Ahmed Sheikh-Khalil proudly remembers the day he aced his citizenship test.

“Passed with flying colors,” said Khalil, 50, a native of Syria. “I still have the congratulations letter.”

Immigration officials were supposed to notify him within 120 days whether he would be a U.S. citizen. But more than three years later, Khalil remains stuck in bureaucratic limbo, a delay he attributes to his Muslim heritage.

“It’s because of my name,” said Khalil, a Tampa resident. “If I had done something wrong, they would make me leave. They know where I live. They know everything about me.”

Khalil is one of 168 Muslims who reported acts of discrimination to the Florida chapter of the Council on American-Islamic Relations, according to a report released Wednesday.

Complaints of civil rights violations jumped by 50 percent from the previous year, ranking Florida fourth in the nation, the report showed.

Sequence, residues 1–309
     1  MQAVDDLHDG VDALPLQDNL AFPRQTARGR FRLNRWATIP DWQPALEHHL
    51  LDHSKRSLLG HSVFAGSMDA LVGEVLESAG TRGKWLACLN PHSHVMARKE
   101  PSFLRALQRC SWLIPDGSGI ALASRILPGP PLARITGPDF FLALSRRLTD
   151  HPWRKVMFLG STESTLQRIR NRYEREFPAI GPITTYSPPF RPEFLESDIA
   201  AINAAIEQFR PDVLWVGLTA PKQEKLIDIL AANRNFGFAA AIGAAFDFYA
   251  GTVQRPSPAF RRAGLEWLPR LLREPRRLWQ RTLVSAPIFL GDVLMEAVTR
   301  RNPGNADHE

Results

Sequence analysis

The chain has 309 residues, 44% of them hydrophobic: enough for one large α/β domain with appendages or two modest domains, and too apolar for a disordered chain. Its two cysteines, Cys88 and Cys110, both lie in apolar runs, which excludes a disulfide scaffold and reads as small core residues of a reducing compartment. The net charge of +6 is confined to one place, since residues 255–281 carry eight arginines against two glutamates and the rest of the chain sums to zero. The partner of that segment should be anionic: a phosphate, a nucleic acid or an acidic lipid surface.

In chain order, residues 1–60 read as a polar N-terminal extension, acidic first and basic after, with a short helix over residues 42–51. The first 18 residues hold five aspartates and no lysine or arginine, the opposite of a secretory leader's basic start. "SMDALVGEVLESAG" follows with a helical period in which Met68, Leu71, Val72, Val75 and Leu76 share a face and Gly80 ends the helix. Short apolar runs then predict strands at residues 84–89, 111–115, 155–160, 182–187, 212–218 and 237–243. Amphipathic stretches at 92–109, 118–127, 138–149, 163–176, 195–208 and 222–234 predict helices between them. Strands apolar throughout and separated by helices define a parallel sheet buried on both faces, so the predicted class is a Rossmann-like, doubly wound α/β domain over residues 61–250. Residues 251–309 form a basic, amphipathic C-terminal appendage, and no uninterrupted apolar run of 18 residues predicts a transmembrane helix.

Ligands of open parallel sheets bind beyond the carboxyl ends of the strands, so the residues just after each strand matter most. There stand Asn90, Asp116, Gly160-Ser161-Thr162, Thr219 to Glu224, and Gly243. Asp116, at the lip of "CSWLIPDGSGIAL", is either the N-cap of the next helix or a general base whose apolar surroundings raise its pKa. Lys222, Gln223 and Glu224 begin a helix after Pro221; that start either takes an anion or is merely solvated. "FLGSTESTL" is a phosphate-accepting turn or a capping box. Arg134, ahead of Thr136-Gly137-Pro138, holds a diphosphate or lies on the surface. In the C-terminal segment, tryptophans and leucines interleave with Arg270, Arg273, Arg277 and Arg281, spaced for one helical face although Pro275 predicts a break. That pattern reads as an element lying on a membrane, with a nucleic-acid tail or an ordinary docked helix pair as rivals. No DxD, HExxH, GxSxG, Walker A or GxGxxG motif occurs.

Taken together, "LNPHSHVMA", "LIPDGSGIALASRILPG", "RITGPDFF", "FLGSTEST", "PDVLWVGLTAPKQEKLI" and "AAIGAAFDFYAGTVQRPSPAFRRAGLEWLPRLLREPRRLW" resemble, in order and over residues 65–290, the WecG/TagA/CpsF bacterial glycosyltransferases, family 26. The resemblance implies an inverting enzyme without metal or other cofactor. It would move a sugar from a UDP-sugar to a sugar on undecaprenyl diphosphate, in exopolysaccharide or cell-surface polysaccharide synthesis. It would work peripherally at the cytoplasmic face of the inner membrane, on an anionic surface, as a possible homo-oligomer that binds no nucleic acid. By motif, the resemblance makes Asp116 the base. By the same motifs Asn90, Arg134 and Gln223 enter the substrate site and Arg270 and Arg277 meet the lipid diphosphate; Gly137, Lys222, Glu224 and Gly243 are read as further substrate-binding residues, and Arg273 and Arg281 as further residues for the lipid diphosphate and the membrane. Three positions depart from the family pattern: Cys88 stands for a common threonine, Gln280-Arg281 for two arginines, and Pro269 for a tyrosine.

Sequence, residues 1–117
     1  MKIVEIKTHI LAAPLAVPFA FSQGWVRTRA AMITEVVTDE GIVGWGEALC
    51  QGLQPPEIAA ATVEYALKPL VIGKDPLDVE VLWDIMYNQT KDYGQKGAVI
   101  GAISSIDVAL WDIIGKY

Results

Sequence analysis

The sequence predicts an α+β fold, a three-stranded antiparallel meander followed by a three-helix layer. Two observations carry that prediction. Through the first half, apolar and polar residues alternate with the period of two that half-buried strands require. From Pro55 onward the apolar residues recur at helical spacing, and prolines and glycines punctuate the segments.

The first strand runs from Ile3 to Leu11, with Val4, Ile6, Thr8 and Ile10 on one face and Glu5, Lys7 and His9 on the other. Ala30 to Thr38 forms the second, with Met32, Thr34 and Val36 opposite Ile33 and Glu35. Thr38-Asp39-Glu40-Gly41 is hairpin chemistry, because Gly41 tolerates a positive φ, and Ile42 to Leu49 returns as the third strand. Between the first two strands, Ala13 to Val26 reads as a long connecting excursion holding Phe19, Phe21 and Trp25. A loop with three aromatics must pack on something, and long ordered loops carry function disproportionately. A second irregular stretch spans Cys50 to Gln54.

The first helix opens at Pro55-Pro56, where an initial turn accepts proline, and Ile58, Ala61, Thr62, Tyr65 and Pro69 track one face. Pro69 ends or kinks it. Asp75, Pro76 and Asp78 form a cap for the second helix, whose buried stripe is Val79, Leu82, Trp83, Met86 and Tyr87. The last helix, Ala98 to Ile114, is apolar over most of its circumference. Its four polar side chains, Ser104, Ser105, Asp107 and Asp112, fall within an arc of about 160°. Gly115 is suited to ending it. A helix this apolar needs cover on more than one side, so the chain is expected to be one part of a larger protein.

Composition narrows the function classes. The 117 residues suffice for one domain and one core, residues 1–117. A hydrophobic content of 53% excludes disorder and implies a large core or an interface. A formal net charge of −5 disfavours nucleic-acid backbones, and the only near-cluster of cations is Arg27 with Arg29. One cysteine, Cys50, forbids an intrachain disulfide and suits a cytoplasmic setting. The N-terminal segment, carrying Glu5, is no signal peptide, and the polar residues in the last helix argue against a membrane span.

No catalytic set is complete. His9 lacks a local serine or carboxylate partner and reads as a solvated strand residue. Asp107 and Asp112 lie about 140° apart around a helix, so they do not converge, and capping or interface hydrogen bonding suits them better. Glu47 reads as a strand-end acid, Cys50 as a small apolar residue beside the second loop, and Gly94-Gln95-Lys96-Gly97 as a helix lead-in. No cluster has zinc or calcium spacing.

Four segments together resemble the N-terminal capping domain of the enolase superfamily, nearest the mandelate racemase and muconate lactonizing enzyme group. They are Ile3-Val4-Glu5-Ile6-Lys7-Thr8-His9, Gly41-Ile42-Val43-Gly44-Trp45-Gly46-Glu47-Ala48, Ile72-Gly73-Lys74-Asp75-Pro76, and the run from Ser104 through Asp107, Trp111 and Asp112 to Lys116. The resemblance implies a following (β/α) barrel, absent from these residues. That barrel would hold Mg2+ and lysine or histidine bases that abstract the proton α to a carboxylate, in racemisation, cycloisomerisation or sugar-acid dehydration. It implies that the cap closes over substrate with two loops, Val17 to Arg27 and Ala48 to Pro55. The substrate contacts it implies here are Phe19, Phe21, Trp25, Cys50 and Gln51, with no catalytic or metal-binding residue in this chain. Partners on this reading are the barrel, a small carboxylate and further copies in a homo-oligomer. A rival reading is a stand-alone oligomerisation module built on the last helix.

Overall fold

Ahmed Bedier, the council’s Tampa director, said there are a number of factors contributing to the discrimination, including continued tension over the wars in Iraq and Afghanistan and the fight against terrorism.

“It seems like if you look Muslim, you’re automatically treated like a suspicious person,” he said.

The largest number of complaints, both nationwide and in Florida, were related to immigration. Muslim-Americans applying for citizenship often face unfair delays because their background checks are not processed as quickly as those of other applicants, Bedier said.


Leave a Reply

This site uses Akismet to reduce spam. Learn how your comment data is processed.